Holding Healthcare Providers Accountable: Regulation of Healthcare Facilities


Healthcare facilities in India are regulated, among other approaches, through minimum standards legislation enacted by various states between the 1940s and the 2000s. These are laws that require facilities to be licensed, and which make licensing conditional on compliance with certain minimum standards. These laws traditionally focus on regulating the burgeoning private healthcare industry and often exclude government run facilities from their scope. 

Dissatisfaction with these laws and their poor enforcement led to calls for a better legal regime. Consequently, Parliament enacted the Clinical Establishments (Registration and Regulation) Act, 2010 (CEA 2010), which provided a common regulatory structure and applied to government and private facilities. However, since facilities regulation is constitutionally within the exclusive competence of the states, the CEA 2010 applies directly only to Union Territories (with the exception of Delhi, which has its own legislative assembly) and to twelve states which have consented to its application. The remaining states have either continued with their pre-existing legislative frameworks, updated their legislation in line with the CEA 2010, or diverged from the CEA 2010 in significant ways. 

There has emerged in recent years a sense that the CEA 2010 did not solve the issues with minimum standards legislation, with a 2021 NITI Aayog Report observing that it still remains to be seen whether the CEA 2010 will be more effective than the statutes that preceded it. Enforcement has continued to be unsatisfactory in various states that have adopted it. The Act also has various gaps, like the absence of grievance redressal systems, that prevent it from being an effective and patient-centric healthcare regulation. 

Key Findings

Using a combination of desk research, legislative analysis, and data collection from authorities, this report examines minimum standards regulation for healthcare facilities in India. We provide a comparative legislative analysis of regulatory structure, the registration process, inspections, enforcement actions, appeals, and grievance redressal. This analysis is supplemented with some limited data obtained from the relevant statutory authorities in every state. 

In territories where the CEA 2010 applies, we found several issues with implementation and enforcement; for instance: (a) the registration of clinical establishments is sporadic and uneven; (b) only one district authority stated that an application for permanent registration had been disallowed – raising the question of how stringently applications are being reviewed and compliance is being monitored;  (c) based on data received from regulators, inspection and inquiries by authorities appear to be infrequent, with rare exceptions; and (d) the minimum standards for being granted permanent registration are yet to be notified. An analysis of the Act alongside the data on implementation, reveals an appellate mechanism (against decisions of regulators) that is underdeveloped and underutilised. Additionally, grievance redressal systems for patients are makeshift at best and non-existent at worst.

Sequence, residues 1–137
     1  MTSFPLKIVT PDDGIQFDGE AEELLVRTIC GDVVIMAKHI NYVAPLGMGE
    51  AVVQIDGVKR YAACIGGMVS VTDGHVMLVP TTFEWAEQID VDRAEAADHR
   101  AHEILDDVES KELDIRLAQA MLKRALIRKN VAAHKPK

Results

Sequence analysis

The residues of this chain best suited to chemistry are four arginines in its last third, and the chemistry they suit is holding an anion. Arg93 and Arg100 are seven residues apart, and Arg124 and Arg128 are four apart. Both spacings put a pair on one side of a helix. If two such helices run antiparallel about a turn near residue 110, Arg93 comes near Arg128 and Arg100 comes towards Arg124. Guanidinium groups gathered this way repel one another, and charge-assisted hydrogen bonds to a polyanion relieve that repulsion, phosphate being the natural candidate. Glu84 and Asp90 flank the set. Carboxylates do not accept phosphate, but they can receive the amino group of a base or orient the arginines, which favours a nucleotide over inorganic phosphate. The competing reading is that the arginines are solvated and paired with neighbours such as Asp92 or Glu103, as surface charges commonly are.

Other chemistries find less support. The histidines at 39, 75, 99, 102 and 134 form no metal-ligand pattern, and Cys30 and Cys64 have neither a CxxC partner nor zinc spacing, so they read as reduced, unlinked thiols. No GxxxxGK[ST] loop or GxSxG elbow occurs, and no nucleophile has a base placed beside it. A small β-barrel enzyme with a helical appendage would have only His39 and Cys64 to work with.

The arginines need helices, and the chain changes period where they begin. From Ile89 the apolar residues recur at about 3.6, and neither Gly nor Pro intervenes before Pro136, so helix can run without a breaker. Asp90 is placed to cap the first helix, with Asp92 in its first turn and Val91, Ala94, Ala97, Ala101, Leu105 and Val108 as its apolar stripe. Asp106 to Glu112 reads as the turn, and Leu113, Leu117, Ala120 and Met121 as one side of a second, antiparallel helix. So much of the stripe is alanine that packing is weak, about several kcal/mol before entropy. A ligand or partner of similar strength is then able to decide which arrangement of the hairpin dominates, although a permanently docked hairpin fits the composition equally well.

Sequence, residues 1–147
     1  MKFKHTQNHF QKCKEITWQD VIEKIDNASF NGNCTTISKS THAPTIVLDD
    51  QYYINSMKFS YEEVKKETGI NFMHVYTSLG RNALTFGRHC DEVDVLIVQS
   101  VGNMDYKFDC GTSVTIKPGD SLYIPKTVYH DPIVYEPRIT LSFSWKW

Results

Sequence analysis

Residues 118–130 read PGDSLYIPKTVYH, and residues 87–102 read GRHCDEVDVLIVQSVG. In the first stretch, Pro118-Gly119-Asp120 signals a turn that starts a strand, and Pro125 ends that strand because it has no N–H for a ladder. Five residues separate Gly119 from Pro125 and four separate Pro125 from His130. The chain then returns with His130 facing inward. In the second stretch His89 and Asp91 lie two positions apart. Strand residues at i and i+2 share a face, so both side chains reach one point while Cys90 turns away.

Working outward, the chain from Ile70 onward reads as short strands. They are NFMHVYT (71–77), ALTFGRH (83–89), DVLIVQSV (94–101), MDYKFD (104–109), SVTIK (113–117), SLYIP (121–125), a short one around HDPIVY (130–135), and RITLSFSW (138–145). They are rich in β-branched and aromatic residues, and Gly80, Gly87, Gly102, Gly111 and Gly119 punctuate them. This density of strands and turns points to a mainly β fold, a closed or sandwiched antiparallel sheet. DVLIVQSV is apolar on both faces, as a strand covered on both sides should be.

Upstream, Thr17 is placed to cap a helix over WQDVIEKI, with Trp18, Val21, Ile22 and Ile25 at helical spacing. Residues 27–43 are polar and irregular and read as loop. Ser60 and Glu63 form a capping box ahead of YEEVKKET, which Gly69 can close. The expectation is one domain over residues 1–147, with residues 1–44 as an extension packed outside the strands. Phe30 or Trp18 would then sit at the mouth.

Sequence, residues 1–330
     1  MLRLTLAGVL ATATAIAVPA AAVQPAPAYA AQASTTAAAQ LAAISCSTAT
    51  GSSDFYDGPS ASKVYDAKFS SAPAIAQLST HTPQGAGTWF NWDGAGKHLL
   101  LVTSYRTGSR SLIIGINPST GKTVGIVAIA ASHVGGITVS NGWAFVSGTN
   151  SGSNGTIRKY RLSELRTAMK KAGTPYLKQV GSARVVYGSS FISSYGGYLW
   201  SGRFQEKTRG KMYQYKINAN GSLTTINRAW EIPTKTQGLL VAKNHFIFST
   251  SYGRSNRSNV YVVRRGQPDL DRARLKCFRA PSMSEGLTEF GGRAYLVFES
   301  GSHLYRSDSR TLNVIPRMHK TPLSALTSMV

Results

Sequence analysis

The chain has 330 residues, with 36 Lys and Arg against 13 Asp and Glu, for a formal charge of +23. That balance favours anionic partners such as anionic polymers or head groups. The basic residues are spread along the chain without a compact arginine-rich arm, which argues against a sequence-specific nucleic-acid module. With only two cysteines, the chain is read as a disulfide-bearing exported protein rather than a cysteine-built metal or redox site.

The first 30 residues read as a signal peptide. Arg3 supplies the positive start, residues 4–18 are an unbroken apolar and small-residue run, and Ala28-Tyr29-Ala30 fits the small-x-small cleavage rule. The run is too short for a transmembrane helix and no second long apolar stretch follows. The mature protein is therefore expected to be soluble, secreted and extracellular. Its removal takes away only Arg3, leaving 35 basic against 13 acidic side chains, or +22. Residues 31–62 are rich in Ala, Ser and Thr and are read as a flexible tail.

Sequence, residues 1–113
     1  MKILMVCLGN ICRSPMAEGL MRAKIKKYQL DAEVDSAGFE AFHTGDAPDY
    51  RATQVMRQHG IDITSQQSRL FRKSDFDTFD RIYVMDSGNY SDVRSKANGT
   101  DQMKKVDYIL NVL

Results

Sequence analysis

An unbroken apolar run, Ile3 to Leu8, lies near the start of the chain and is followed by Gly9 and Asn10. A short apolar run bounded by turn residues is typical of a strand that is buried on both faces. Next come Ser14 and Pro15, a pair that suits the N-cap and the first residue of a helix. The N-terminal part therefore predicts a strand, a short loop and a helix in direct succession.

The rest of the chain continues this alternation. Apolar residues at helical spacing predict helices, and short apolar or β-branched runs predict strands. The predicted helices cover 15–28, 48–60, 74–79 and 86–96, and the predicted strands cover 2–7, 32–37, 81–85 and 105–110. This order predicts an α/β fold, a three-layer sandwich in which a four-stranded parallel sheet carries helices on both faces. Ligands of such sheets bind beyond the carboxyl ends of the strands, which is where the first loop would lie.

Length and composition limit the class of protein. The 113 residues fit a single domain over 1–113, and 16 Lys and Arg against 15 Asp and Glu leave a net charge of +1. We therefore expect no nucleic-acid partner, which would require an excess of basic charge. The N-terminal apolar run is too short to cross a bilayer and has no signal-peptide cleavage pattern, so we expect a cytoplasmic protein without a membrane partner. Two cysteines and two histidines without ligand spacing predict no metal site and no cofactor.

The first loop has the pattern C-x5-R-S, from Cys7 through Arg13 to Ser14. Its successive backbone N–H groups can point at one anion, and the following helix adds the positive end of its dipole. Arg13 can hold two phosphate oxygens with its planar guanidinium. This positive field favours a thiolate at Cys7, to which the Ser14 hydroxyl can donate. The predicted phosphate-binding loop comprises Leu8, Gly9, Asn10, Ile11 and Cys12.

The central government has made efforts to persuade all states to adopt the CEA 2010 or enact similar laws. However, seventeen territories have not adopted the CEA 2010, and instead have their own laws in place. We do note, however, that several state laws enacted after the CEA 2010 include both private and public institutions within their scope, marking a departure from the pre-CEA 2010 laws that generally excluded government establishments from their application. In most states, registration of healthcare establishments takes place at the district level. Most of these laws prescribe clear minimum standards. Most of the laws permit inspection without notice and do not require regular inspections. Only two states mandate the publication of inspection records. More than half of the laws provide for some form of grievance redressal or complaints mechanism for patients. Fewer than half of the laws envision a structured suspension or shut-down protocol by providing for what happens to inpatients when a facility’s registration is cancelled. Ten states provide for imprisonment as a penalty, whereas seven do not. Every law permits facilities to appeal a denial of registration, but our data suggests that this mechanism is used very rarely. 


Our data collection exercise suggests that either the maintenance of records or the actual implementation of facilities regulation statutes throughout the country is haphazard. In many cases, we found that states did not have or could not provide basic data regarding the enforcement of facilities regulation. Our legislative analysis suggests that the CEA 2010 has various lacunae which prevent it from being a patient-centric facilities regulation statute. As it stands, some states might benefit more from amending their existing laws and applying them to government facilities than from adopting the CEA 2010. There is a consensus that facilities regulation in India has not been particularly effective. However, further research is necessary to evaluate the relativeeffectiveness of different facilities regulation regimes. We hope this report is a helpful starting point, as well as a useful resource for policymakers, activists, academics, and others engaged in trying to understand and improve healthcare facilities regulation in India. 

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